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(Adds Finance Ministry statement in fourth paragraph.)
Dec. 7 (Bloomberg) -- Estonia’s Parliament approved next year’s budget, targeting the first deficit in three years on concern Europe’s sovereign debt crisis will restrain the economy more than forecast.
Lawmakers voted 55-44 to back the budget in the final of the three readings in the capital, Tallinn, today. The budget is based on a 2012 forecast for gross domestic product growth of 3 percent and sets a deficit of 2.1 percent, compared with a planned surplus of 0.2 percent this year, the same as in 2010.
The central bank and the opposition called on the Cabinet to trim spending. The Finance Ministry has said that there’s a risk that growth may be as low as 1 percent next year.
Government spending “will help offset the uncertainties stemming from global markets by spurring domestic demand and creating jobs,” the ministry said in an e-mailed statement. Investment will grow by 28 percent to 1.25 billion euros, it added.
Estonia, the fastest-growing economy in the 27-member European Union this year, should brace for slowing exports and declining business and consumer confidence next year, the International Monetary Fund said on Nov. 29. The IMF forecast a 2012 GDP rise of 3.1 percent, while the Organization for Economic Cooperation and Development expects 3.2 percent growth, according to a forecast released on Nov. 28.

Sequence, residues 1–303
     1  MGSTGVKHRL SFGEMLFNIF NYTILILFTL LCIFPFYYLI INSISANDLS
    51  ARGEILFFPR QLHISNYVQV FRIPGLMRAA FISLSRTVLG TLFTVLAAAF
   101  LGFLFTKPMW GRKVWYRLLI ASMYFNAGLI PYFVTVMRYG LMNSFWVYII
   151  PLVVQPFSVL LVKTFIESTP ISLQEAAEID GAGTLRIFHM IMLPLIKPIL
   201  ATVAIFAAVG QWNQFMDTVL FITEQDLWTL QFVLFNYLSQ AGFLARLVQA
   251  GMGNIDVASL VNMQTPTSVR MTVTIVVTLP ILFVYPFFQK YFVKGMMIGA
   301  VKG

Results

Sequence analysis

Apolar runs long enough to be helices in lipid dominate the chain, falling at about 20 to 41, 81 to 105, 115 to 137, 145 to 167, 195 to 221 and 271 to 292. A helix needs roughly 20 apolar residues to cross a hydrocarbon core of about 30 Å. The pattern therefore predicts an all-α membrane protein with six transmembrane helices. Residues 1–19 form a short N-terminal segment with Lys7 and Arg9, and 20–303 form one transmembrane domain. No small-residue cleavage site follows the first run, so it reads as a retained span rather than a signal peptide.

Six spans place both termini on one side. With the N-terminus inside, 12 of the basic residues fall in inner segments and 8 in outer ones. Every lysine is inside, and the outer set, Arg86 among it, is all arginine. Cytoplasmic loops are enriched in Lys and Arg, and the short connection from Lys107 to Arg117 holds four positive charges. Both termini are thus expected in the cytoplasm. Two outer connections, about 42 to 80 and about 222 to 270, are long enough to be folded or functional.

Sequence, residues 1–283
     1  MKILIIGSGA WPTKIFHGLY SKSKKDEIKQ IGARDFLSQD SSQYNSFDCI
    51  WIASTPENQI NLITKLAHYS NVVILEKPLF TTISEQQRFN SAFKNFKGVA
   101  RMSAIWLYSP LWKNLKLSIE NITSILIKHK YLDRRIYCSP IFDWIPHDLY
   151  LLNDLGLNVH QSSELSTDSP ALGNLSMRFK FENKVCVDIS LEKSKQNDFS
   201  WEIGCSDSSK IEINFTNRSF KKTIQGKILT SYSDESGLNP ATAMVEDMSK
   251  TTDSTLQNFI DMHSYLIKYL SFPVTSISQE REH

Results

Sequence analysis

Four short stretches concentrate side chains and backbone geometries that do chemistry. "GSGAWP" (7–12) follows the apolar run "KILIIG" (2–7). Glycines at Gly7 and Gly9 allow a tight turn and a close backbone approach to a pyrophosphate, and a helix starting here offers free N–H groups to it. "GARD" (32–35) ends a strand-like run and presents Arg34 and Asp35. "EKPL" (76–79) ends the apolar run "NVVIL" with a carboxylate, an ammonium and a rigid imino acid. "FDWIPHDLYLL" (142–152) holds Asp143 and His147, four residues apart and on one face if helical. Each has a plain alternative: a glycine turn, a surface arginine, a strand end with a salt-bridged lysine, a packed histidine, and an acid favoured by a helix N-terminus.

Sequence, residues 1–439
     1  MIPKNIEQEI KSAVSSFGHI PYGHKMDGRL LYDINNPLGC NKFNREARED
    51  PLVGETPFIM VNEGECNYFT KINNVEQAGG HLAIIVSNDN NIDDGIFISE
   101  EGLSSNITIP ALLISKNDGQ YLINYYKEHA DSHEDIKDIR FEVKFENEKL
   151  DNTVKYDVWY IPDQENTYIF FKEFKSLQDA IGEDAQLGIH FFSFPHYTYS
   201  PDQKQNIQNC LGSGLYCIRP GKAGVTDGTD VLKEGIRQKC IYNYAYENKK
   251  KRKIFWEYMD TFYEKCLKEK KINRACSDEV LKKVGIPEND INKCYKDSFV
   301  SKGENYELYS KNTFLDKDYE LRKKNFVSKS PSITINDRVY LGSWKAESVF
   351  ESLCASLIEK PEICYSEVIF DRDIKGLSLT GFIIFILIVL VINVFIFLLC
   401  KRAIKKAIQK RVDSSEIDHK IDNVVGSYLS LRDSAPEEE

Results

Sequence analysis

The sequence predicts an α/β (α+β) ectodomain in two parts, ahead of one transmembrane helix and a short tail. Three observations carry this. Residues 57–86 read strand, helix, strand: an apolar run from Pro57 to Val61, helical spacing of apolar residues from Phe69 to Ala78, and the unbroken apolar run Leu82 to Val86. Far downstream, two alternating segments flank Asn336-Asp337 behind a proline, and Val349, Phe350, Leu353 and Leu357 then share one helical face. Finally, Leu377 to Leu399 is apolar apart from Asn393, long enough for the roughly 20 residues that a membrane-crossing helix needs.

Spending is rising mainly because of compulsory expenditures of proceeds from selling spare UN carbon-emissions quotas and the resumption of state-pension contributions, which were frozen in 2009.
The deficit will be covered from government reserves, the Finance Ministry said. The lawmakers earlier today approved measures to consolidate the unemployment and healthcare insurance funds under the State Treasury, a move that would help Estonia avoid borrowing until 2015.
Finance Minister Juergen Ligi said last month the deficit would remain below the EU’s threshold of 3 percent of GDP even if economic growth would drop to 1 percent.
--Editor: Hellmuth Tromm
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